The Angel of the Lord destroyed the part of the army encircling Jerusalem. When Sennacherib got word of this defeat in Jerusalem, he returned shame-faced to Nineveh. In his annals, Sennacherib describes this campaign in these words: “As for Hezekiah, the Judean, who had not submitted to my yoke, 46 of his strong, walled cities and the cities of their environs, which were numberless, I besieged, I captured, I plundered, as booty I counted them. Him, like a cage bird, in Jerusalem, his royal city, I shut up” (Luckenbill 1927:II: 143). “Caged up like a bird” is diplomatic code word for “We lost.” Sennacherib then lists the “tribute” that Hezekiah sent to him, which included 30 talents of gold and 800 talents of silver, along with male and female singers. I suspect that since Sennacherib could not admit defeat, this “tribute” was actually booty that he plundered from the earlier part of his campaign.
This campaign was bittersweet for the Judeans. Jerusalem was delivered, but many Judeans deported, including the psalmist who composed Psalms 42-45. These psalms were his “musical diary” while going into captivity. The Biblical records only hint of this captivity in 701 BC and it was probably downplayed for theological reasons. According to Sennacherib’s annals, he deported “200,150 people, young and old, male and female … as booty” (ANET 288). Whether this number is exaggerated or not is beyond the scope of this article. The point is, there was a deportation of Judeans in 701 BC. For a discussion of the Judean exile in 701 BC, consult Stohlmann (1983). For a discussion of the chronology of the reign of King Hezekiah, see Franz 1987.
An ancient “photograph” depicting some Lachishites going into captivity is found on a wall relief from Nineveh (Ussishkin 1982).
The historical texts of the Bible seem to downplay the Assyrian captivity of 701 BC, however, the prophet’s hint at it. Isa. 24:1 says, “Behold, the LORD makes the land [of Judah] empty and makes it waste, distorts its surface and scatters abroad its inhabitants.” The end of the so-called “Isaiah Apocalypse” has the captives returning from Assyria and Egypt (Isa. 27:12, 13). Hosea promises that some Judeans will return from Assyria and Egypt (11:11). Micah, a contemporary of Isaiah, seems to describe the 701 BC campaign of Sennacherib in chapter 1. He ends the chapter with the words, “…because of your precious children … for they shall go from you into captivity” (1:16). They apparently were taken to Babylon as part of the Assyrian “resettlement” policy. However, Micah promises them that the Lord would rescue and redeem them (4:10).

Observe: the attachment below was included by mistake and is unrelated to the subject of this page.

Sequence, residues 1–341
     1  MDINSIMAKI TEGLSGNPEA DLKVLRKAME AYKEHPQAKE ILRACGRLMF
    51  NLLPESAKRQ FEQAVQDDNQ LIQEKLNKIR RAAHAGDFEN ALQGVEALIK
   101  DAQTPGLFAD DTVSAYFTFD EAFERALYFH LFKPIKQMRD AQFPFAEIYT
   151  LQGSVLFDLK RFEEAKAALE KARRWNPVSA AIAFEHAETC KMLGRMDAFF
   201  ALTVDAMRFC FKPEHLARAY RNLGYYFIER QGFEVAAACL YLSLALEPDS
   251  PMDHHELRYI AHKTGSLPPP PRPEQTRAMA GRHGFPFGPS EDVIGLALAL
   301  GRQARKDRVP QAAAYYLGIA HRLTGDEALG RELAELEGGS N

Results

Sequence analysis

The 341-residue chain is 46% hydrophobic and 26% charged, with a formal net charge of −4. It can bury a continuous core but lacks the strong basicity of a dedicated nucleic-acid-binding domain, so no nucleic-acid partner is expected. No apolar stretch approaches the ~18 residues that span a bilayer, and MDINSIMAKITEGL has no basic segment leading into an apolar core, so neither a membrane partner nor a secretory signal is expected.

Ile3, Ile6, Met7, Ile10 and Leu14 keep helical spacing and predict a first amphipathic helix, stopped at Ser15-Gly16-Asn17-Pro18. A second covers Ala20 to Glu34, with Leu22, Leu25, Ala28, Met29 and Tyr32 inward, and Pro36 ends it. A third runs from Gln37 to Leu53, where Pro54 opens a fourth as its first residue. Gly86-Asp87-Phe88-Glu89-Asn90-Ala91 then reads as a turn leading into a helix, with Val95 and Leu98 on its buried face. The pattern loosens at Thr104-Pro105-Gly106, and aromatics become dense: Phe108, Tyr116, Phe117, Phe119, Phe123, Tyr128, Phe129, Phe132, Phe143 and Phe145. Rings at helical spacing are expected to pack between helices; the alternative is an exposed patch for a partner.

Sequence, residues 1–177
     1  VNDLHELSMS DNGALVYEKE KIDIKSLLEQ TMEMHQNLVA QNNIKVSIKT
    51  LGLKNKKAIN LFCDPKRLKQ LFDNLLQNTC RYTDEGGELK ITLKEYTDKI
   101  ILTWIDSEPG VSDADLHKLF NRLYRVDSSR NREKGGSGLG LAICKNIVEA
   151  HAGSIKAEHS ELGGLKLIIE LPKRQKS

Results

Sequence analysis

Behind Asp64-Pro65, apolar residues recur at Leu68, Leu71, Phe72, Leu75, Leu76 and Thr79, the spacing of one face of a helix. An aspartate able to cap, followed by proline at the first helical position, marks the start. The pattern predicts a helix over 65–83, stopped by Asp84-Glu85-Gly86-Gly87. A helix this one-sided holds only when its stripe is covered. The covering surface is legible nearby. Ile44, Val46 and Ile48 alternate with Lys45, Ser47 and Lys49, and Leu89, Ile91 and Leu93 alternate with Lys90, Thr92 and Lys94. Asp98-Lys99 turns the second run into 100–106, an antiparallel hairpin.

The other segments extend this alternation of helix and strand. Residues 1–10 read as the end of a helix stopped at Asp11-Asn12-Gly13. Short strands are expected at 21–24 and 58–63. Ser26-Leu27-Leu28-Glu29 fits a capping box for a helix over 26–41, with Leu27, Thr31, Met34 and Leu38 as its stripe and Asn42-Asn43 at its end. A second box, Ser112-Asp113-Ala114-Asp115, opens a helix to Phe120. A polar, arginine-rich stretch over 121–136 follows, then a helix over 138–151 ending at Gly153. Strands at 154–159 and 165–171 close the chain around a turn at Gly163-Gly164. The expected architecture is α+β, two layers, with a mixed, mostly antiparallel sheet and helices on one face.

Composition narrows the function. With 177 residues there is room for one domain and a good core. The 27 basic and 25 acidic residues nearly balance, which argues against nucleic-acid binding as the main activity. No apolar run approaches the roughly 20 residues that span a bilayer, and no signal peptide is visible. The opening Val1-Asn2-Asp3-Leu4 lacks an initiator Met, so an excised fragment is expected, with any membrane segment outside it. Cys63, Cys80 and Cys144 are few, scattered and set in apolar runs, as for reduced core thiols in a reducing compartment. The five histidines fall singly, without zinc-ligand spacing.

One intriguing relief is a fragment in the British Museum. This relief is a depiction of three musicians, apparently Judeans, playing their harps, as they are being taken captive (Barnett, Bleibtreu and Turner 1998: 116; Plate 398, 399). Behind them is an Assyrian officer. [Assyrian with three musicians] My “sanctified imagination” would like to suggest we have an “ancient photograph” of a Biblical personage. Among other things, the Korahite family was musicians. At one time they lead the people of Judah in praise to the Lord during the conflict with the “Eastern Confederacy” during the reign of Jehoshaphat (2 Chron. 20:14-19). One of the sons of Korah had vowed to praise the Lord in the Temple with his harp if he was delivered from captivity (Ps. 43:4). Could one of these musicians be one of the sons of Korah who composed Psalms 42-45 and 84?
The “Sons of Korah” also appear in another late 8th century BC context. Yohanan Aharoni excavated part of a bowl at Tel Arad that had an inscription on the bottom that listed several families, among which were “the sons of Korah.” This bowl, inscription #49, was found in Stratum VIII of the building next to the sanctuary. Aharoni conjectures that this was “a list of contributions to the sanctuary. The letter het adds weight to this hypothesis, whether interpreted as wheat or as a sin-offering” (1981:82). According to Aharoni, Stratum VIII was destroyed at the end of the 8th century BC (1981:149). Orna Zimhoni, of the Lachish Excavations, has re-evaluated the Arad material and has suggested that all the pottery of Arad Stratum X-VIII is paralleled to Lachish III pottery, which was destroyed by Sennacherib. Thus, she would also agree that the inscription should be dated to the end of the eighth century BC (Zimhoni 1985:84-88). Two questions should be raised at this point: first, what is a Levitical family doing in a non-Levitical city? Second, what was the nature of this sanctuary? Was it kosher or not? Was it a bamah (high place) or a pure Yahwistic shrine?
There is one other piece of archaeological evidence that relates to the sons of Korah. A figurine of a musician playing a harp was discovered in a burial cave at Beth Shemesh. I understand it dates to the end of the 8th century BC as well. The Korahites were allotted cities in the Land of Ephraim and Manasseh. Apparently they moved south after Jeroboam I set up the cultic shrines at Dan and Bethel and made a priesthood of anybody who was not a Levite (1 Kings 12:31; 13:33). Some Korahites settled in Arad. Perhaps some settled in Beth Shemesh as well.
An Archaeological Exposition of These Psalms